Presentation is loading. Please wait.

Presentation is loading. Please wait.

Lessons from other Industries for Transforming Health Care Will Falk April 22, 2009.

Similar presentations


Presentation on theme: "Lessons from other Industries for Transforming Health Care Will Falk April 22, 2009."— Presentation transcript:

1 Lessons from other Industries for Transforming Health Care Will Falk April 22, 2009

2 Lessons from Other Industries: Purpose Provide some examples that raise fundamental questions “De-anchor”. Hopefully without giving offence Be leading edge while remaining relevant to the challenges of today Have some fun with it! 2

3 3 Reorganizing and Restructuring: What do We Have to Learn from Telecoms? Source: The Colbert Report

4 Not Much! Healthcare Leads the Way. Pre-1994 1 Provincial Health Ministry 128 acute care boards 25 public health boards 40 long-term boards Pre-1994 1 Provincial Health Ministry 128 acute care boards 25 public health boards 40 long-term boards 1994 17 Health Regions 1994 17 Health Regions 2003 9 Health Regions + Mental Health + Addictions + Cancer 2003 9 Health Regions + Mental Health + Addictions + Cancer 2008 1 Health Services Board 2008 1 Health Services Board 4

5 Healthcare Has A Core Belief in: The Straight Line of Death! Boomer Bulge Graphic 5 Source: “Boomer Bulge”, Robson, January 13, 2009 Major Demographically Driven Program as Share of GDP: National Total CAGR 2% Service intensity growth, before inflation

6 We believe this because of our history Costs: Health Spending vs. GDP Sources: Canadian Institute for Health Information; Statistics Canada 6 CAGR 3.16% CAGR 4.83% Note: CAGR calculated based on Total Health Expenditures (constant 1997 $)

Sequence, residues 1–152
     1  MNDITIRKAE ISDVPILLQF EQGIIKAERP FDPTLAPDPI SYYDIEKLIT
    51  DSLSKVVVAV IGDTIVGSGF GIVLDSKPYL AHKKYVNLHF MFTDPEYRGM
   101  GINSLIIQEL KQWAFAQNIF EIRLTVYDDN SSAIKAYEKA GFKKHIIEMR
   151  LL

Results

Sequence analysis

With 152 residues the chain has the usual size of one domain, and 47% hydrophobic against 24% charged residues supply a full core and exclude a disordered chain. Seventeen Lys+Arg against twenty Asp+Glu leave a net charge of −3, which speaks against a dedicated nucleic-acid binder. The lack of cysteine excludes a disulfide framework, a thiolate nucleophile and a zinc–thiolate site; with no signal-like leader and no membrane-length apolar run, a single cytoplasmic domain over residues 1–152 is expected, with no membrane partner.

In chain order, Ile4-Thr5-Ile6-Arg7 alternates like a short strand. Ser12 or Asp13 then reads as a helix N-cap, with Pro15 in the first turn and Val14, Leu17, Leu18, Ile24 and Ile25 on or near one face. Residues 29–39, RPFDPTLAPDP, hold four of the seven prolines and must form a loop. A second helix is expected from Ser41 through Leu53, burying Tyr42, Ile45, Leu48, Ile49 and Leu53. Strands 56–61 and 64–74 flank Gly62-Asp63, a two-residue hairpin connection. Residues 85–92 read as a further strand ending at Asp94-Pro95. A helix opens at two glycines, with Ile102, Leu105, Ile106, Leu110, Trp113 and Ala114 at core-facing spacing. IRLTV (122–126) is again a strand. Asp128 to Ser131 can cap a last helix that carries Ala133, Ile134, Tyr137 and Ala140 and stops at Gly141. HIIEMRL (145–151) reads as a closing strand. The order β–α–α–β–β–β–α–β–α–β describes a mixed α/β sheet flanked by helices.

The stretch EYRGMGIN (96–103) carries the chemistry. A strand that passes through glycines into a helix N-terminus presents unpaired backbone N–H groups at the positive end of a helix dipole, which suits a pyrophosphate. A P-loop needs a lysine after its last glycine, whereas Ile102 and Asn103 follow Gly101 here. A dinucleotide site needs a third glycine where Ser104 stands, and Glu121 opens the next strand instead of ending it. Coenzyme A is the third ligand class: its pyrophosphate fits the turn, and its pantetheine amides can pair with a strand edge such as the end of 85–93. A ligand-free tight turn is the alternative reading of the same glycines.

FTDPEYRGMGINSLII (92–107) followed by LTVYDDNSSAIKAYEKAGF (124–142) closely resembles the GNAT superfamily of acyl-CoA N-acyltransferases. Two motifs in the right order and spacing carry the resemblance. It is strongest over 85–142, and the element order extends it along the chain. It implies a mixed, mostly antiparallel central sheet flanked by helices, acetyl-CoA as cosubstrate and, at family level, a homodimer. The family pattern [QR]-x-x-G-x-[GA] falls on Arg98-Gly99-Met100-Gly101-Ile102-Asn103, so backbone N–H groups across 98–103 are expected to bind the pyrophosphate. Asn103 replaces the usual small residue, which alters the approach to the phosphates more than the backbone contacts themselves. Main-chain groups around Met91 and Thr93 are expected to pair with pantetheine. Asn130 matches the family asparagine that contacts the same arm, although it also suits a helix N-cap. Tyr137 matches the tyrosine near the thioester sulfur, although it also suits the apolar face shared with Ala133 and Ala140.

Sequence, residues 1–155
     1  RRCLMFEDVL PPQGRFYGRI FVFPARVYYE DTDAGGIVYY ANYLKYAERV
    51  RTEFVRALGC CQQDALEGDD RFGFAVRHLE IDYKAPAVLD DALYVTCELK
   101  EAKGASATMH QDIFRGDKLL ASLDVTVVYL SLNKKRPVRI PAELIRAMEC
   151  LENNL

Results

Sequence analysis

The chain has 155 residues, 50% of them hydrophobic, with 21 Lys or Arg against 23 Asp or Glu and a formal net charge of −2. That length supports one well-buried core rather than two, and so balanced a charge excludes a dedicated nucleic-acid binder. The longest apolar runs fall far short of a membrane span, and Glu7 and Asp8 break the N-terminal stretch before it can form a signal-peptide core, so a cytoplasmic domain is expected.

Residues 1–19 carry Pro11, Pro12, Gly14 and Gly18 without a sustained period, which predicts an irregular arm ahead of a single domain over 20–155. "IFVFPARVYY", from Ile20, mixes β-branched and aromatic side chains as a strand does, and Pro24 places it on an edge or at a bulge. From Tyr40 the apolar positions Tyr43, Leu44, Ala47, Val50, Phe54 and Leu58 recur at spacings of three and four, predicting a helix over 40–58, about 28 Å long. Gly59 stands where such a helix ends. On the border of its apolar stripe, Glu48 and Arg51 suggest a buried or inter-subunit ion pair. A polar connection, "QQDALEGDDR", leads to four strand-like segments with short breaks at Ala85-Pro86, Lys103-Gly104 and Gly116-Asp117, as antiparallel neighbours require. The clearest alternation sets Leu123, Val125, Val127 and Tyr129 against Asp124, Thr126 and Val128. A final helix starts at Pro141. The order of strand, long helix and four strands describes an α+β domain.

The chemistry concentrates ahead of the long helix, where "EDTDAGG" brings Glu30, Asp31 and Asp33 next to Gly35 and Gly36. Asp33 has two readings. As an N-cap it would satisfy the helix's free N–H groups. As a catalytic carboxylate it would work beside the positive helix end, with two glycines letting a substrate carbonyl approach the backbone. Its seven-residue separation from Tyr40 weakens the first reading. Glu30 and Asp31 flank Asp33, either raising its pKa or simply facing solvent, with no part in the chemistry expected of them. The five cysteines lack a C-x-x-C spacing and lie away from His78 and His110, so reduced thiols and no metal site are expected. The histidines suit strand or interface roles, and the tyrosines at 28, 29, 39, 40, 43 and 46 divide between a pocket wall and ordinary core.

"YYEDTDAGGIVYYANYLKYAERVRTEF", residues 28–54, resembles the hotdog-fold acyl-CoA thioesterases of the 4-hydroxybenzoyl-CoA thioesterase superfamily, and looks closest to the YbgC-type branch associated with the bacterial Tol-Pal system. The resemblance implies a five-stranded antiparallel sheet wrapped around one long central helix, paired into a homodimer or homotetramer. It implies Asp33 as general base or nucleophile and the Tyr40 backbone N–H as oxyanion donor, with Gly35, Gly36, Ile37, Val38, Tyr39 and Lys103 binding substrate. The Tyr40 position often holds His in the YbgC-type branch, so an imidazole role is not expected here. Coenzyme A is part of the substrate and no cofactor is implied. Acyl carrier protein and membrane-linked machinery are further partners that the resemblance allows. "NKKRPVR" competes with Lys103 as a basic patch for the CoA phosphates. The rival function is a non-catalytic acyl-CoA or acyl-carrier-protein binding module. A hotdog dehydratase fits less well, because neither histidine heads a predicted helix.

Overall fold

7 Lessons from Other Industries… Another Straight Line: Dow Jones 30,000! 7 CAGR = 12% Source: Yahoo! Finance

8 8 Moore’s Law: Transistor count doubles every two years What is its application to health care? Costs: Lesson from the Computer Industry Source: Four students from MGT 2017 (J. Clayman, S. Yang, A. Lo, T. Looi)

9 9 CostQualityAccessValue 40% reduction in cost (from 2005 to 2008) >40% reduction of resident’s falls at KEI (other measures of comfort, outcomes, and safety also improved) KEI responsible for 58% Decrease in wait times in <2 years, volume of 7200/yr, capacity of 12, 000/yr Cost in Inpatient NightsPrice per Eye KEI Patients Direct to Patients Case Study #1: Centre of Excellence in Cataracts Source: Four students from MGT 2017 (J. Clayman, S. Yang, A. Lo, T. Looi)

10 10 Case Study #2: Diagnostic Imaging Across Canada Clinicians in urban centres can review images of patients in rural areas instantly, reducing lag time for diagnosis, need for travel and lowering costs On average, DI delivers 25-30% improvement in radiologists’ productivity More than half of referring physicians indicate DI improved efficiency of clinical decision-making by 30 to 90 minutes per week; capacity increase equivalent of up to 500 additional specialists across Canada 39% of radiologists now reporting for new remote sites; improved remote reporting enables radiologists to support care delivery and improve access for remote geographies and populations 30-40% improvement in turnaround times (clinical decisions and subsequent treatment of patients now occurs 10-24 hours sooner) Eliminates 10,000-17,000 patient transfers each year Source: Dick Alvarez at MGT 2017

11 11 Case Study #3: Moore’s Law and the Genome Source: “Getting Personal”, The Economist, April 16, 2009 Sequencing equipment has been improving even faster than Moore’s law! In the last decade the pace has been increasing.